• Homelessness can result from lingering effects of post-traumatic stress disorder (PTSD) and substance abuse compounded with a lack of family and social support networks.
  • Suicide is a major concern as LGBTQ+ Veterans are at higher risk for suicide; transgender Veterans are even more at risk with a rate 20x higher than that of non-transgender Veterans.
  • Inadequate mental health care is still an issue even if an LGBTQ+ Veteran is receiving care from the VA. Depending on the robustness of the VA health care system’s LGBT Veteran Care program, a Veteran may run into a provider who is not fully aware of the services for and issues pertaining to LGBTQ+ Veterans. This may result in misgendering, microaggressions, and refusal of care.

Mental Health Issues & Disparities

Lesbian, Gay, Bisexual and Transgender (LGBT) Veterans experience discrimination and living with that discrimination can lead to or aggravate the following mental health issues. In some cases, mental health issues come to light after leaving the military:

According to the VA’s Office of Health Equity, sexual and gender minority Veterans face stigma and discrimination that affects their mental health. In fact, LGB Veterans are twice as likely to receive a diagnosis of an alcohol use disorder and fives times as likely to receive a PTSD diagnosis.

PopulationAlcohol use disorderptsd
Gay & Bisexual Males10.20%53%
VA Males6%16.80%
Lesbian & Bisexual Females5%67%
VA Females1.20%5%
From Cochran, B., et al (2013)

Additionally, transgender Veterans have significantly higher rates of serious mental illness, suicidal ideation, PTSD, and major depression than non-identifying transgender Veterans.

PopulationMajor DepressionPTSDsuicide ideation/attemptserious mental illness
Transgender Veterans46.38%50%48.55%53.62%
Non-Identifying Transgender Veterans29.79%35.11%23.94%28.72%
From Ramirez, Heliana. 17 May 2019, VA Palo Alto Health Care System.

What Can You Do

If you are enrolled and using VA health care, you can schedule a mental health appointment through the following means:

The VA offers a variety of tools and resources as options to the above methods:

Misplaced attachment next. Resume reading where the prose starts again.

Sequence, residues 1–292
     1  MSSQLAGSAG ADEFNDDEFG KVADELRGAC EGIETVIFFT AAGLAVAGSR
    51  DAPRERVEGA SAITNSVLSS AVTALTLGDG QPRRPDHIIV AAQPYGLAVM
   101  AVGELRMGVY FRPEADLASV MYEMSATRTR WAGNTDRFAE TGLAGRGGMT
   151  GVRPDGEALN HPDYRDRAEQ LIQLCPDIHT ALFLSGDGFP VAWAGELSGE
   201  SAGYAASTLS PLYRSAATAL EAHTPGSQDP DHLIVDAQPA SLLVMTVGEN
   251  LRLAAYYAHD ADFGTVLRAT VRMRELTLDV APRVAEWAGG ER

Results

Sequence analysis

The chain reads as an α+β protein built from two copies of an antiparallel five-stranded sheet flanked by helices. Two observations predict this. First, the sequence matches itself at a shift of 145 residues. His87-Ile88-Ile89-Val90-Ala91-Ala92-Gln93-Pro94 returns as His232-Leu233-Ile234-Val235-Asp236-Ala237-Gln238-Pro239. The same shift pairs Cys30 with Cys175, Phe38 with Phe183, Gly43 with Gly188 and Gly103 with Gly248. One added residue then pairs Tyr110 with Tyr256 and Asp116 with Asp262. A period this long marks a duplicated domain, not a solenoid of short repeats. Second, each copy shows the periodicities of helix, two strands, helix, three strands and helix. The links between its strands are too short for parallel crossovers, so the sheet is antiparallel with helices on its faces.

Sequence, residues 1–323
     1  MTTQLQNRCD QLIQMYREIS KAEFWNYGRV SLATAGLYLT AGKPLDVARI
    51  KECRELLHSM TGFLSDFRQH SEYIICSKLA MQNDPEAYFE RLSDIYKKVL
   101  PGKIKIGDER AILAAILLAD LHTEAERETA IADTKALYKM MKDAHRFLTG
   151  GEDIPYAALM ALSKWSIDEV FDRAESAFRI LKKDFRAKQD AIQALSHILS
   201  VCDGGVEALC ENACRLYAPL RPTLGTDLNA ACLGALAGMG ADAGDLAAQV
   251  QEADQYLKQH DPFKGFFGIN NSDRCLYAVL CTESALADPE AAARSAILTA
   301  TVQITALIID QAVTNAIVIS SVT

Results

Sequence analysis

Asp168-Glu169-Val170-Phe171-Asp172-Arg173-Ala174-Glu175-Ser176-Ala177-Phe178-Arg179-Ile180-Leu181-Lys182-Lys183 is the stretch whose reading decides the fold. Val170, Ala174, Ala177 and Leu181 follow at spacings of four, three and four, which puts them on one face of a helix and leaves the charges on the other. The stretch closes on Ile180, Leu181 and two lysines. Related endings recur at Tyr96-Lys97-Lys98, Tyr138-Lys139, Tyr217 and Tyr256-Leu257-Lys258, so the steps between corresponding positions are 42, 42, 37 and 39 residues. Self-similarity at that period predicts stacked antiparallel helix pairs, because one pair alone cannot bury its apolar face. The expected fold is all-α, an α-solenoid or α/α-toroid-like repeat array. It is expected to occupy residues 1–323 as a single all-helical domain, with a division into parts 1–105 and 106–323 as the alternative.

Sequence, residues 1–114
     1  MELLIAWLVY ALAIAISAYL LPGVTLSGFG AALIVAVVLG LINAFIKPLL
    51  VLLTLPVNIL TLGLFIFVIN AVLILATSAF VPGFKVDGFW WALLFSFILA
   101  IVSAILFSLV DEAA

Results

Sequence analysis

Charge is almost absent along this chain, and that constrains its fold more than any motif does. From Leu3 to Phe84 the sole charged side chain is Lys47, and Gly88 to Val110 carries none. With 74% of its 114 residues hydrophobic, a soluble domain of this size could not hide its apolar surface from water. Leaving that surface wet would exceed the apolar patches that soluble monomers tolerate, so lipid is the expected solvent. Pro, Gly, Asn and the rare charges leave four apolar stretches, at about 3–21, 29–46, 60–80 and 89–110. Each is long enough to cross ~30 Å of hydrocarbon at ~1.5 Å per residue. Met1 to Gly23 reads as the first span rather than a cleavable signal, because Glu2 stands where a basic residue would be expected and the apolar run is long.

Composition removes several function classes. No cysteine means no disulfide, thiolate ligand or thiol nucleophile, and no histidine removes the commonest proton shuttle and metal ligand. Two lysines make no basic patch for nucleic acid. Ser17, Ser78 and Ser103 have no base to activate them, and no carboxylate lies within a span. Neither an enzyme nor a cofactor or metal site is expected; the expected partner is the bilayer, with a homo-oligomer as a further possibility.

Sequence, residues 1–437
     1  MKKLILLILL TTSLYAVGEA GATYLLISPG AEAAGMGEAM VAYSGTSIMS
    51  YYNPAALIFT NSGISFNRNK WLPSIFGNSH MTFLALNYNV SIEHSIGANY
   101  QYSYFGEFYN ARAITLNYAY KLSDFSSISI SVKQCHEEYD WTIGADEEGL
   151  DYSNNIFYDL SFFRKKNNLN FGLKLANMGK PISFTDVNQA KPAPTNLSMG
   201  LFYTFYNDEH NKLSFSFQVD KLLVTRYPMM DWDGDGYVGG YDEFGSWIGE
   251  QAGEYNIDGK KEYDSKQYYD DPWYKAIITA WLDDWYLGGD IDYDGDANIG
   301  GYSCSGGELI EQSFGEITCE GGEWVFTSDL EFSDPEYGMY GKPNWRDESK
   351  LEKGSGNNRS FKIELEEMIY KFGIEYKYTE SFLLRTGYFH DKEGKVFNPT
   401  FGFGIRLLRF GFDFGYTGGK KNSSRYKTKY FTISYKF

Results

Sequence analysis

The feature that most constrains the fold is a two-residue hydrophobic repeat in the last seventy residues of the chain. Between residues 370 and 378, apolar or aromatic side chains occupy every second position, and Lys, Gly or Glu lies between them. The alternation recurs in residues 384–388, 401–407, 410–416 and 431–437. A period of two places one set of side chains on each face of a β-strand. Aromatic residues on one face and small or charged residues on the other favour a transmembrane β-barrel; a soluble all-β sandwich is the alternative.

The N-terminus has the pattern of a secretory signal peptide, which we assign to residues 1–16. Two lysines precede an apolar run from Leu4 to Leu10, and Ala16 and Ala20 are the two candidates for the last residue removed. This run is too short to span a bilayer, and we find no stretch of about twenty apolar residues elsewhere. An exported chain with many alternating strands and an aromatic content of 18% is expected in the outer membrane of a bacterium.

Suppose you are seeking mental health care outside the VA, the National Alliance on Mental Illness (NAMI) offers the following important considerations when seeking LGBTQ-competent care.

  1. Think about what you’re looking for in a provider.
  2. Gather referrals from online directories, your insurance provider, local LGBTQ+ community centers, health centers, and community groups. Even affirming places of worship.
  3. Make the call, you may want to ask the provider if they have previous experience with LGBTQ+ patients or if they are comfortable working with LGBTQ+ patients. If you are reluctant to call, you can ask a friend or family member to do so for you.
  4. Ask questions in your first visit, your new provider may welcome the inquiries. Below are some things to ask:
    • My identify is __________. What experience do you have working with people with that identity?
    • What experience do you have with the LGBTQI community?
    • Do you have any specific training or certifications that relate to working with LGBTQI clients?
    • Do you provide conversion therapy or reparative therapy? How do you feel about those specific practices?
  5. Build a relationship once you have found the right provider for you. Be patient, it may take time and several calls. In your search, keep in mind that you’re looking for someone to help you improve your mental health. If the provider you select doesn’t feel right, you can move on to the next provider and keep searching.